It is true that there has been a feel-good factor in Yorkshire following the Rio Olympics; if the county were a country, it would have finished 17th in the international medals table. Yet while millions have been invested in “podium-level athletes”, in the team games that are most relevant to the lives of most Yorkshire folk – football, cricket and rugby league – there is a clear division between sport’s elites and its grass roots. While lucrative TV deals have enriched ruling bodies and top clubs, there has been a large decrease in the number of adults playing any sport in the four years since London staged the Games.

According to figures from Sport England, there are now 67,000 fewer people in Yorkshire involved in sport than there were in 2012. In Doncaster, to take a typical post-industrial White Rose town, there has been a 13 per cent drop in participation – compared with a 0.4 per cent decline nationally.

Attendances at rugby league, the region’s “national sport”, are falling. But cricket, in theory, is thriving, with Yorkshire winning the County Championship in 2014 and 2015. Yet Joe Root, the batsman and poster boy for this renaissance, plays far more games for his country than for his county and was rested from Yorkshire’s 2016 title decider against Middlesex.

“Root’s almost not a Yorkshire player nowadays,” said Stuart Rayner, whose book The War of the White Roses chronicles the club’s fortunes between 1968 and 1986. As a fan back then, I frequently watched Geoffrey Boycott and other local stars at Headingley. My favourite was the England bowler Chris Old, a gritty, defiant, unsung anti-hero in the Billy Casper mould.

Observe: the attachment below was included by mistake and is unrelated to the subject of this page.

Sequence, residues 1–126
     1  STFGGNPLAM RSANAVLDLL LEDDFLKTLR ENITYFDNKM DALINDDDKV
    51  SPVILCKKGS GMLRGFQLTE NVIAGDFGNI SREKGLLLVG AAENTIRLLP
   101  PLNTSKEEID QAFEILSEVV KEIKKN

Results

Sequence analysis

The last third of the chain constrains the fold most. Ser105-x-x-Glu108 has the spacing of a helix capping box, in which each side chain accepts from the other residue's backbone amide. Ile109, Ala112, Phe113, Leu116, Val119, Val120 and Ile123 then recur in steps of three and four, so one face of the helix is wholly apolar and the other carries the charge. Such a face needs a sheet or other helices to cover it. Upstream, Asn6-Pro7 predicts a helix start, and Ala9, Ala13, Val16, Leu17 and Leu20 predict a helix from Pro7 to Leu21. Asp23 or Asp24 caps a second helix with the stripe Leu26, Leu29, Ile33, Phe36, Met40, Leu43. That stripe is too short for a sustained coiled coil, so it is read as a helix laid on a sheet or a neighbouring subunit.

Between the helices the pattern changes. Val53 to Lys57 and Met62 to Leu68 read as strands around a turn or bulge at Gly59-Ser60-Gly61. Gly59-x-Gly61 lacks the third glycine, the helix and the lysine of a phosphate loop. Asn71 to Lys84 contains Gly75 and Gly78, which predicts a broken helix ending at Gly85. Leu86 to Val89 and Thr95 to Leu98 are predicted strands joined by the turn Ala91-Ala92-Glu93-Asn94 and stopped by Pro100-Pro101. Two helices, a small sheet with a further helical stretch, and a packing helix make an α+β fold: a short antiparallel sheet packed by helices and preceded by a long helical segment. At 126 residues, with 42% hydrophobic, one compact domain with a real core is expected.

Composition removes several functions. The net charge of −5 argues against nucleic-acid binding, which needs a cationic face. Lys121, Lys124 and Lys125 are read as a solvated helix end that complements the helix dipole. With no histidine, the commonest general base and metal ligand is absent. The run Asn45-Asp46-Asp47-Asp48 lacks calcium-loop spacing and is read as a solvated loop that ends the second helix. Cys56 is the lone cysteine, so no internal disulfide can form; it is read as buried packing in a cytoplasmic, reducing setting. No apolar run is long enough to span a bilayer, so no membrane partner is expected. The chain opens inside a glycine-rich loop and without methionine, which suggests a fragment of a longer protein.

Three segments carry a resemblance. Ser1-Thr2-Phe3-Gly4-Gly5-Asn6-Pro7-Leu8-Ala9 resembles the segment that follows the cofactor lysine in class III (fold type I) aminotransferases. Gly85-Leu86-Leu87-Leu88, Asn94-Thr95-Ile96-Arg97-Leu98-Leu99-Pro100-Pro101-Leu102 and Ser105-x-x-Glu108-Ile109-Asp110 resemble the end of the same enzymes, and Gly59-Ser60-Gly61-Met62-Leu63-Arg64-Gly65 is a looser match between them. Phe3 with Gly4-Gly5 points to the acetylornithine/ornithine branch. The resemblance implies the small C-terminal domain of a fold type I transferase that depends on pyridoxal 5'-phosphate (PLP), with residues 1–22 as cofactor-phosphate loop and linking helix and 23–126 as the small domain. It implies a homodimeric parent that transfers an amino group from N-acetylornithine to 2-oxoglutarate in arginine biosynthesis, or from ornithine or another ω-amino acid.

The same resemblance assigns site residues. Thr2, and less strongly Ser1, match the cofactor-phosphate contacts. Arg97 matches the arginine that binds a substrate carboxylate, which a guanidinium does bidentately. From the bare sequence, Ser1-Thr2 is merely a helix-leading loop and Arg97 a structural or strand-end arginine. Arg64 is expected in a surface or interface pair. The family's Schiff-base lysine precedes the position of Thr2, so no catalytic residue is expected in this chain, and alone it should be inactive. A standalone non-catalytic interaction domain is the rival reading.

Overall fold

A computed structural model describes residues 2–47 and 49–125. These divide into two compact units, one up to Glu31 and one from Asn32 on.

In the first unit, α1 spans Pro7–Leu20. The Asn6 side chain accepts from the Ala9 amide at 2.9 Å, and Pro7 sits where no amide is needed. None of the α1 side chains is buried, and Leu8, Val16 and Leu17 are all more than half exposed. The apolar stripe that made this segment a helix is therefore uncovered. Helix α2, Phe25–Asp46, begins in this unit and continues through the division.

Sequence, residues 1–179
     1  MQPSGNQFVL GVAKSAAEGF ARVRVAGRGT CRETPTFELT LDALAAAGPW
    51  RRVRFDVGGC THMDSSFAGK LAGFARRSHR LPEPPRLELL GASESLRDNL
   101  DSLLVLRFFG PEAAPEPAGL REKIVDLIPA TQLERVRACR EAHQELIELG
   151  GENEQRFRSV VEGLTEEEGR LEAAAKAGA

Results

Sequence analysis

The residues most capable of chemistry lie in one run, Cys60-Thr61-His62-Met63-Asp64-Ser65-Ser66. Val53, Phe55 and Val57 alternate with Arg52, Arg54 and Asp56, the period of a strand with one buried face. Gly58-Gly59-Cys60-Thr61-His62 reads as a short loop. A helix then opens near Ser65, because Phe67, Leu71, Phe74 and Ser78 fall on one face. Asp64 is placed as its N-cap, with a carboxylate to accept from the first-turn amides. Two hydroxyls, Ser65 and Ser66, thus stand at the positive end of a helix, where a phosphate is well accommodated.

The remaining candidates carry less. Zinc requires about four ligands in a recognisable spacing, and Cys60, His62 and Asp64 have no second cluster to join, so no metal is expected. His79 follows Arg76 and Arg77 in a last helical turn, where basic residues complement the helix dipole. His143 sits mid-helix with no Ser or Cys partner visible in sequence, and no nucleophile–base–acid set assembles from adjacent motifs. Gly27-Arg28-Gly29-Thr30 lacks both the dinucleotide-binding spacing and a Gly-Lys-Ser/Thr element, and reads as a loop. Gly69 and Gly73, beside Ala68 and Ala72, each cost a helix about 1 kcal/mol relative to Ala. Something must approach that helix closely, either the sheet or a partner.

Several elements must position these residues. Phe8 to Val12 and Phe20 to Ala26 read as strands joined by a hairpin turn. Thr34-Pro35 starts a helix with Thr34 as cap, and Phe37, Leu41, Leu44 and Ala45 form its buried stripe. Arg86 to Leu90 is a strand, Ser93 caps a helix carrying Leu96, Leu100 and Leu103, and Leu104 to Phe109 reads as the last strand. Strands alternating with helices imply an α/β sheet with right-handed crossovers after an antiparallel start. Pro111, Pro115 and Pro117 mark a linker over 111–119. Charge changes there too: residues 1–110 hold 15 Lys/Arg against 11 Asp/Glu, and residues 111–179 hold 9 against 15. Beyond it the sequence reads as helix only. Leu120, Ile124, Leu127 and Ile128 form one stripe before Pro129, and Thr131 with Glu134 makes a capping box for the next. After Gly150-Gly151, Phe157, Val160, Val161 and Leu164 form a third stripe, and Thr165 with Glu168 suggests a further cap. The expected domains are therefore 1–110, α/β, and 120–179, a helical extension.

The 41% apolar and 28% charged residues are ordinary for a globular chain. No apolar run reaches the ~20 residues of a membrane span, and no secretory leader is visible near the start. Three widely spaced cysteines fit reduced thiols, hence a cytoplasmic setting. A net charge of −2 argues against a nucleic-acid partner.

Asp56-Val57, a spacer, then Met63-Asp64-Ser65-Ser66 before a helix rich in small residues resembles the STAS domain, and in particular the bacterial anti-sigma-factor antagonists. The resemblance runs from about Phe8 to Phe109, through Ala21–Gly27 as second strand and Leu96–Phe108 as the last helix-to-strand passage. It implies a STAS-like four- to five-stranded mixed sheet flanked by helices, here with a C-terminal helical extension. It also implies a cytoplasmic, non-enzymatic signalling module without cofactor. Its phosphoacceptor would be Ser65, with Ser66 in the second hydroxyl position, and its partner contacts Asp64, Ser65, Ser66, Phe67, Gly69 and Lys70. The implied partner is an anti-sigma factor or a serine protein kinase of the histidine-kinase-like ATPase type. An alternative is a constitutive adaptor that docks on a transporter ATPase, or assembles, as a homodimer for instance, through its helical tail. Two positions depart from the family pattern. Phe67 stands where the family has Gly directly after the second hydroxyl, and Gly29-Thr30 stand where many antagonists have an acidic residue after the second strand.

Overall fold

When Old made his debut, 13 of the 17-strong Yorkshire squad were registered as working-class professionals. Half a century later, three of the five Yorkshiremen selec­ted for the last Ashes series – Root, Jonny Bairstow and Gary Ballance – were privately educated. “The game of cricket now is played in public schools,” Old told me. “Top players are getting huge amounts of money, but the grass-roots game doesn’t seem to have benefited in any way.”

“In ten years’ time you won’t get a Joe Root,” Rayner said. “If you haven’t seen these top Yorkshire cricketers playing in your backyard and you haven’t got Sky, it will be difficult to get the whole cricket bug. So where is the next generation of Roots going to come from?” Or the next generation of Jessica Ennis-Hills? Three years ago, the Sheffield stadium where she trained and first discovered athletics was closed after cuts to local services.

This article first appeared in the 19 January 2017 issue of the New Statesman, The Trump era